All-Pro linebacker Ray Lewis of the Baltimore Ravens announced that he intends to retire at season’s end yesterday. Lewis, who tore his triceps two months ago, will likely return to action this Sunday against the Indianapolis Colts to help kick-start one last run at the Super Bowl. Many questioned whether or not he would be able to return to action at all this season when the injury occurred and now he’ll be able to provide an emotional lift one last time as the leader of the Ravens. Unless the AFC playoffs have some upsets, this Sunday could be Lewis’ final game in Baltimore.
The Baltimore Ravens came into existence in 1996 and with it came a rookie linebacker out of Miami. Selected 26th overall, Ray Lewis went on to lead the team in tackles and thus started what will assuredly be a Hall of Fame career. The 13x Pro Bowl defender helped bring Baltimore its one and only Super Bowl so far and was the MVP of the game in 2000. With 10 All-Pro selections (seven of which for the first team) Ray Lewis is tied with Lawrence Taylor for the most All-Pro selections for linebackers. He was never a very flashy player and never played selfishly. Lewis is the epitome of a leader on an NFL team and has been the face of the Ravens for well over a decade. His unselfish play paid off with consistent winning and two Defensive Player of the Year awards. He will leave the league being remembered as one of the most respected and feared men to ever play. My favorite stat when it comes to this legendary defender? Lewis led his team in tackles in 14 of his 17 seasons and the three that he didn’t were because he missed extended time due to injury. With his unbridled passion and emotion, I can say us NFL fans have one last thing to look forward to. He’s going to make one hell of a Hall of Fame speech when he gets inducted.
• When I watched the Florida State trouncing of Northern Illinois earlier this week, they ran a preview for (3) Florida vs. (21) Louisville in the Sugar Bowl. Those I was watching the game with questioned the logic behind a 21st ranked team facing the number three team in a Bowl game. Louisville went ahead and shut all the critics up last night as they dismantled the Gators 33-23. This was one of those games where the final score does not indicate just how lopsided the game itself was. The Cardinals jumped out to a 14-0 lead in the first quarter and led 24-10 at halftime. QB Teddy Bridgewater led the way with 266 yards through the air and two touchdowns in the upset which is obviously a big victory for the Cardinals and the Big East but also a very telling loss for Florida and the SEC.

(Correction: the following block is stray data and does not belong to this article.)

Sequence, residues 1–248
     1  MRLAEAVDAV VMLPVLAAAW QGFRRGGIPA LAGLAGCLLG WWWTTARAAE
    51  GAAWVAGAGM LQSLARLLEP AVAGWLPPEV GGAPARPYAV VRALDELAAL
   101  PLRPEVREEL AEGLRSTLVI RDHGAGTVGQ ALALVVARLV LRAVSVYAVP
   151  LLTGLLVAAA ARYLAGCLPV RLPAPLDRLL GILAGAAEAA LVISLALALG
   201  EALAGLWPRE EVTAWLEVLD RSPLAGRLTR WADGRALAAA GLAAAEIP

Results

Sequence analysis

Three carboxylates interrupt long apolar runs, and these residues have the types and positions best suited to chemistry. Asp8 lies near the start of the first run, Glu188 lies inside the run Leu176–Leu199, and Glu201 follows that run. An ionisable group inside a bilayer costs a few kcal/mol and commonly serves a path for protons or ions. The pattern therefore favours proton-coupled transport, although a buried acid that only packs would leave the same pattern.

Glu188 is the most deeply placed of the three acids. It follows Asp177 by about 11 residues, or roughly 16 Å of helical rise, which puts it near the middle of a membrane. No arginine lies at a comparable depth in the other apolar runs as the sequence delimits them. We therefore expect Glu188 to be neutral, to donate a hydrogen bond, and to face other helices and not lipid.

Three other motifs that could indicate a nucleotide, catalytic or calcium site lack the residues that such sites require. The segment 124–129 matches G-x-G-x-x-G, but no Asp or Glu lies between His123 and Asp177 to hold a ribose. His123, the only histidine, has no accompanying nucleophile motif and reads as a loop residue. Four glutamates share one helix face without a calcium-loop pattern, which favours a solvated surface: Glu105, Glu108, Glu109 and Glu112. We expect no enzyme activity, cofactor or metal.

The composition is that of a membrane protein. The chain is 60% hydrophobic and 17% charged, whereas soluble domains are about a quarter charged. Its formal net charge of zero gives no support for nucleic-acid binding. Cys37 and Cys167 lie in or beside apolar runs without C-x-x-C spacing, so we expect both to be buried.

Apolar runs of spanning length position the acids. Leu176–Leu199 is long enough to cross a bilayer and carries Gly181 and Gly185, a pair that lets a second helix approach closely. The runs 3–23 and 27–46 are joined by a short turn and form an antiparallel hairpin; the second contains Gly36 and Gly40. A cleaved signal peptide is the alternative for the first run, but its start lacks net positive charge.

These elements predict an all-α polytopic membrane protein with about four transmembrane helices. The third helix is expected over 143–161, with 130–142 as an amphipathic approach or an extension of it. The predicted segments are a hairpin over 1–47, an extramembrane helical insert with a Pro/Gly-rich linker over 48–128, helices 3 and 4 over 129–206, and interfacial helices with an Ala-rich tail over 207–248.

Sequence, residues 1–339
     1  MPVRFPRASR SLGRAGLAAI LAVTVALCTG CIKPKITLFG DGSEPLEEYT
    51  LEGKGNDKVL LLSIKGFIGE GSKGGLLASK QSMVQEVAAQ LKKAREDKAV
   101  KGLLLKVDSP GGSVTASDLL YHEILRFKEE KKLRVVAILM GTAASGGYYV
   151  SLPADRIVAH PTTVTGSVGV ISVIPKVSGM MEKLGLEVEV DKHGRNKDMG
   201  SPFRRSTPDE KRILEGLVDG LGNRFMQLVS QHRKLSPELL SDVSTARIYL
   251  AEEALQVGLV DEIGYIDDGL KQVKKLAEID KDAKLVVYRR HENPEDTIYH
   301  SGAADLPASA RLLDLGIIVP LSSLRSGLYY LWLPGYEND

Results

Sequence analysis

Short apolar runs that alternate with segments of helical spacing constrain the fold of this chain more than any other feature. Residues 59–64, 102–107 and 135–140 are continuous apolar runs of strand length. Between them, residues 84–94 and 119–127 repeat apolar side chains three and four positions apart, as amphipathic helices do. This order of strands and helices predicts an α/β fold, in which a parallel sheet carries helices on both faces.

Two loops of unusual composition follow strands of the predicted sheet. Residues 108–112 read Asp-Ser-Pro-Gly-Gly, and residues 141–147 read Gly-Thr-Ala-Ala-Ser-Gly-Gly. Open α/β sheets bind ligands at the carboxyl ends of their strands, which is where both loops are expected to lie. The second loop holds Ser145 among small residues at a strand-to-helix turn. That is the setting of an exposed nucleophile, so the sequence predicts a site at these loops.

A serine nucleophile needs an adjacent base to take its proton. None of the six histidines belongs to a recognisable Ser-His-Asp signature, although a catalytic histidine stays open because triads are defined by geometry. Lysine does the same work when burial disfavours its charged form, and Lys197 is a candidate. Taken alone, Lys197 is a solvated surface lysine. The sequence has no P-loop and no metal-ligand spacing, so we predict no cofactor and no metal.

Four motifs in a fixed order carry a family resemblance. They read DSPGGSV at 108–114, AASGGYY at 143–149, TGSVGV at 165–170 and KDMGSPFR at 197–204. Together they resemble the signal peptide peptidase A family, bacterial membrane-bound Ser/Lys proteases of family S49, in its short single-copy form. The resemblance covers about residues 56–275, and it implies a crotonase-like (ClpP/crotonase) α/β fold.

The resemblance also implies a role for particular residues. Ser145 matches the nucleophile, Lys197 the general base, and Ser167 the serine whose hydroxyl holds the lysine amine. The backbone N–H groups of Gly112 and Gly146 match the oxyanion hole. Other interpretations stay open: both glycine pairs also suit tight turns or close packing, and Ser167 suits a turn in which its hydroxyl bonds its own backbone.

• Chris Paul and Vinny Del Negro earned some regular season hardware after the Los Angeles Clippers went undefeated for the month of December. Chris Paul won Western Conference Player of the Month while Del Negro won Coach of the Month. Not a tough job for Del Negro considering it’s probably not all too difficult a task for him. He has the best point guard in the NBA in Chris Paul running the league’s most prolific offense with an improved defense along with it. The Clippers dominated by winning their games by an average margin of nearly 16 points per game in December as Paul averaged 2.6 steals a game. CP3 also led the West in assists per game with 9.3 last month to go with 16 points per.
• The Oklahoma City Thunder were involved in a rare blowout loss yesterday as the Brooklyn Nets defeated them 110-93. What’s really surprising was their MVP candidate Kevin Durant losing his cool and being given his first career ejection. The Thunder managed to crawl back from an early 23 point deficit but the Nets responded with a 23-8 run to help pull away again. A rare loss of control happened for Durant as he argued with referee Danny Crawford after teammate Kendrick Perkins was issued a technical foul. Durant was displeased with how one-sided the fouls seemed to be called in the game (Brooklyn shot 29 free throws as compared to the Thunder's 17) as he claims he was thrown out for telling Crawford that he made a "bad call."
• Another seemingly pivotal deadline has come and passed for the NHL and their monotonous labor dispute. The NHLPA claimed they would file a disclaimer of interest - effectively dissolving the Union - at midnight but nothing as of yet has happened. Unfortunately for them and the NHL itself, it seems as though the fans filed a disclaimer of interest when it comes to this garbage a long time ago. The two sides met all day Wednesday as they continued to try and hash out the details of a new collective bargaining agreement. Should there be another stall in negotiations, which as this point seems inevitable, look for the players to decertify and further cement the likelihood of a lost NHL season.
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